Consultation and changing roles

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Having recently completed the first draft of a book on innovation in public consultation, I have interviewed many people in the profession. It was interesting to find that in most cases, public consultations are run by planning consultants, in many cases by PR / consultation specialists but sometimes delegated to junior administrative staff with the online aspects of a consultation looked after by a web team or digital agency.

While all of these individuals have a valid role to play, I am concerned that with the rise of online consultation, consultations are being handed over to those who have excellent technical expertise but lack an understanding of communications and strategy.

The best consultations are invariably those which are based on a strategy. A strategic approach ensures that necessary factors are taken into consideration, establishes direction and ensures that the team responsible approaches the consultation with shared objectives. Engagement activities can be wide-ranging and creative, but the logical sequence of a strategy ensures consistency.

Typically, a consultation strategy will include:

  • Pre-consultation dialogue – to involve the community or its representatives in the most effective approach to consultation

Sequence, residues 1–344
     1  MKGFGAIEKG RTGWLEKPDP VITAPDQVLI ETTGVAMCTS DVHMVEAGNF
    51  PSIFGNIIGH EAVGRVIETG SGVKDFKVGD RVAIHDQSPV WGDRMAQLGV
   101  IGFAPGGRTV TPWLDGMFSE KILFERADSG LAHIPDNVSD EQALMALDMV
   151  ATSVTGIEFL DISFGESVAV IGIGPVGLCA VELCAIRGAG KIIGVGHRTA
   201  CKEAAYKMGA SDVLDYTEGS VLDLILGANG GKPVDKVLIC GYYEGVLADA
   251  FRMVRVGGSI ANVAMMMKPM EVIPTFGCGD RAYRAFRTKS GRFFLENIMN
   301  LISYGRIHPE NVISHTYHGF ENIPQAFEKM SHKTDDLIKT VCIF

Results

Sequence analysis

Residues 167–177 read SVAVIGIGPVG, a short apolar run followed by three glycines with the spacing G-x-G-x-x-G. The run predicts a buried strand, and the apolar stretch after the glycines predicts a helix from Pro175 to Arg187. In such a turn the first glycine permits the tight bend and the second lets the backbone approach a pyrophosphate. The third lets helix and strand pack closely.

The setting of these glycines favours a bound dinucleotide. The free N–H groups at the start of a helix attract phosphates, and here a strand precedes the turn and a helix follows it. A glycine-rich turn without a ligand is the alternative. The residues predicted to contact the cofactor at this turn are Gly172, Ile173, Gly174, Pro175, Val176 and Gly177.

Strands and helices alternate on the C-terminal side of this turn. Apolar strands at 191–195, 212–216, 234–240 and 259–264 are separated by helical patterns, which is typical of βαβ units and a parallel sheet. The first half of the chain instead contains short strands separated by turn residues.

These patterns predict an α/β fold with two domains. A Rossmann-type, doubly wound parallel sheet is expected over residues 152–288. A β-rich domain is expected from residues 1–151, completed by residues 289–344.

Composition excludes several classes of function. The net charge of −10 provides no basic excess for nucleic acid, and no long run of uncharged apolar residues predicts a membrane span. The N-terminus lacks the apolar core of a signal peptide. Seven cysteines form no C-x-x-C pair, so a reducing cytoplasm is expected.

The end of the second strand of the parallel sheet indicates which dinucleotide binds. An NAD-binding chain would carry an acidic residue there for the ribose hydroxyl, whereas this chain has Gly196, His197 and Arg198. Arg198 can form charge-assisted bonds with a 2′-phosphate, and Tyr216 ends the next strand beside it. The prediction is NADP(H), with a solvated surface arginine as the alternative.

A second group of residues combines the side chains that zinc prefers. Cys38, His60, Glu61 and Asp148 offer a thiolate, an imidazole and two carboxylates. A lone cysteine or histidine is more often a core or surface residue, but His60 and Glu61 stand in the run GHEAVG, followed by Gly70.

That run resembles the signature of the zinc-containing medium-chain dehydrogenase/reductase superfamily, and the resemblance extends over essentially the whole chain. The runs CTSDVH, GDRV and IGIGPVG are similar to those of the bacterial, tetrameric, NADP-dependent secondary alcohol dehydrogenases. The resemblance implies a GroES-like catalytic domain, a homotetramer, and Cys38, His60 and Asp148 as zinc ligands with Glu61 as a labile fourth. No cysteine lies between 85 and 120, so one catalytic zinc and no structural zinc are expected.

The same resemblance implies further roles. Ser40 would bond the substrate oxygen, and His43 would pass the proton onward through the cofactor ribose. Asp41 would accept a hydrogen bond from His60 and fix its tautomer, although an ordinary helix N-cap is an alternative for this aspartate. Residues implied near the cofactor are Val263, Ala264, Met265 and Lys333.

• Situational analysis – to fully understand the issues impacting on the consultation, both internal and external
  • Stakeholder / publics analysis and research – to ensure that stakeholders are appropriately targeted
  • Aims and objectives – to guide those running the consultation and provide a means for evaluation
  • Messages – to ensure that consultees understand the remit of the consultation, its objectives and limitations, and to that the consultation team speaks with one voice
  • Strategy and tactics – to put in place a methodology for the consultation which is appropriate to its aims and objectives and also to re resources available
  • Analysis – to process the results of the consultation
  • Evaluation – to demonstrate that the consultation was effective and where necessary to explain any inconsistencies
  • Reporting and feedback – to thank consultees for taking part, to demonstrate that their responses have been taken into account and to inform them of the decision taken

The best consultations are based on the type of two-way communication extolled by communications theorists such as Grunig and Dozier in relation to ‘excellent’ public relations. Good consultation is a transparent, symmetrical approach to communication which is organised and methodical.

The most important issue for online consultation is that no matter how good a consultation website, communicating links and encouraging people to take part is imperative and must be constant – perhaps more so with an intangible service such as a website than a series of public exhibitions and meetings. Consultation is a service and not a product. Creating a website for a developer is not consultation: it is promotion and effective communication throughout the process that constitutes consultation, and for this reason, consultation should remain within the domain of the communications professional.


Penny Norton

Penny’s book Public Consultation and Community Involvement in Planning: a twenty-first century guide is published by Routledge in June 2017.  Please email Penny to receive notification of its publication.

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